Industrial Commodities Stocks On Fire

Commodities tend to be the most volatile asset class when it comes to price variance. It is not unusual for the price of a raw material to double, triple, or even halve over a short time horizon. Commodities are global assets, and while supply and demand fundamentals tend to be the primary determinate of the path of least resistance for prices, many exogenous events can impact values. Geopolitical and macroeconomic events, weather, and natural disasters can cause pandemonium in commodities where production is often a localized affair and consumption is ubiquitous. However, commodities tend to respond to macroeconomic trends as an asset class, and from 2011 through late 2015 and early 2016, the majority of raw material prices moved lower.

While consumers benefit from lower prices for staple commodities, producers who invest in output suffer and the pain felt by companies that are in the business of producing raw materials reached an apex during the early days of 2016.

Last week, I published an article on Seeking Alpha entitled, Industrial Commodities Find Bottoms, where I highlight the rebound in the prices of oil, iron ore, copper, and lumber. Today, I am taking a look at the companies that have benefited from higher prices for these and other raw material staples over recent weeks.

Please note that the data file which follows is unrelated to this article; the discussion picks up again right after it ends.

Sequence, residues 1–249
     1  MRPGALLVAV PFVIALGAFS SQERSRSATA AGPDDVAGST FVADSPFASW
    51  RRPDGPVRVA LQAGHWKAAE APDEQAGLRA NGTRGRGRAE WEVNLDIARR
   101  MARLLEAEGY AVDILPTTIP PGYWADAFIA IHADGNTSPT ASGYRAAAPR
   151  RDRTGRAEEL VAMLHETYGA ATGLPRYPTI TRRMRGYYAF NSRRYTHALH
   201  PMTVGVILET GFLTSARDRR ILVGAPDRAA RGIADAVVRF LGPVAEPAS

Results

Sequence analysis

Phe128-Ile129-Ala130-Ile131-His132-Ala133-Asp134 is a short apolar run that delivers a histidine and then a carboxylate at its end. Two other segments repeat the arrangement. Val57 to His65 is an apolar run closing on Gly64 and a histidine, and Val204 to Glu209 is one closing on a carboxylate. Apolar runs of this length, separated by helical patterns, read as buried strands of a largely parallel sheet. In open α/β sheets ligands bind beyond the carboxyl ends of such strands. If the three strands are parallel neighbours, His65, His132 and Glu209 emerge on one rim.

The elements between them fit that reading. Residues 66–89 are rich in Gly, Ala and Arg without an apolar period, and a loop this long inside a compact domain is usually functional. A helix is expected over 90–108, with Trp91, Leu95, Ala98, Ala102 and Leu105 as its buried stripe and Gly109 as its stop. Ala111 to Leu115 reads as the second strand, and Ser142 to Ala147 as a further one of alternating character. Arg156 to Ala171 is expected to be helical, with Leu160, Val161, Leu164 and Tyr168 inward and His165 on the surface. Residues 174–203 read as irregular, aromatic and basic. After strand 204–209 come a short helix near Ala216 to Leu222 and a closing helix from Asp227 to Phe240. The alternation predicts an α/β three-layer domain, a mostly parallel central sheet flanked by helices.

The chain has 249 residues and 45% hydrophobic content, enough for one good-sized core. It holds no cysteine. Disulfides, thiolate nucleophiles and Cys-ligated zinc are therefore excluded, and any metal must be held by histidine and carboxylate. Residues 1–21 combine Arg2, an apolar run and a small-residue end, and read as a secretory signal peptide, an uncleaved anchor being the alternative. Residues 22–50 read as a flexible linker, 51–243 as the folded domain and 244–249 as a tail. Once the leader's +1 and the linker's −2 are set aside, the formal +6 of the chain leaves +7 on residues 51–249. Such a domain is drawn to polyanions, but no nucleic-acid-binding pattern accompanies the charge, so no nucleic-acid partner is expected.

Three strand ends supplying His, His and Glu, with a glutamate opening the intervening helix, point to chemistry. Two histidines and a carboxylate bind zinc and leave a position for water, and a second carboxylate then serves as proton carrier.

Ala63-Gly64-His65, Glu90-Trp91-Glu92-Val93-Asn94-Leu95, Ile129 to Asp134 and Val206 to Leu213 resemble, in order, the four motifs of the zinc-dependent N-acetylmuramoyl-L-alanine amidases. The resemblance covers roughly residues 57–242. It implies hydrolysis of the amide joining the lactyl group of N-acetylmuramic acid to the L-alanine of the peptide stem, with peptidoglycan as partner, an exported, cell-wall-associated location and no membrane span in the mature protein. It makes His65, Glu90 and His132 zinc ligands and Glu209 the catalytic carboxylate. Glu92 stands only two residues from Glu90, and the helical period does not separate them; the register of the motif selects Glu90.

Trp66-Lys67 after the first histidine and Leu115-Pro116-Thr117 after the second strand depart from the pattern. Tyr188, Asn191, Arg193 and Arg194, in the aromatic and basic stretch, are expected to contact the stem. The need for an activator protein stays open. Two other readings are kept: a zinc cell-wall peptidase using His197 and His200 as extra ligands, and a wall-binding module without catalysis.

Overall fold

The bottom in commodities prices in early 2016 caused lots of house cleaning

The prices of many industrial commodities declined steadily from highs in 2011 until late 2015 and early 2016. The bull market in the raw materials sector caused many producers to increase investment and output during the height of the bull market, but they still had the legacy of those capital expenditures and high levels of debt as prices moved to the downside.

The beginning of 2016 was a rough time for not only the commodities sector but also for equity markets. A selloff in the Chinese stock market caused the S&P 500 index to decline by 11.5% over the first six weeks of 2016, but stock prices found their bottom in February of that year and have been rising since. As stocks fell and raw materials prices dropped to multi-year lows, there was a lot of concern in markets about the financial health of some of the world’s leading commodities producers who found themselves buried under a mountain of debt at a time when revenues from output were declining. In some commodities markets, prices fell to levels that were at or below production costs which had risen dramatically during the height of the bull market. At the bottom, in early 2016, many analysts expressed the concern that some of the biggest producers of raw materials in the world might not survive the swoon in prices. Management of the biggest companies snapped into action by cutting or eliminating dividend payments to shareholders, downsizing staff, lowering output from properties that were producing at a loss, and selling non-essential production assets. Over the course of 2016, producers got their houses in order and have since seen benefits from higher commodities prices.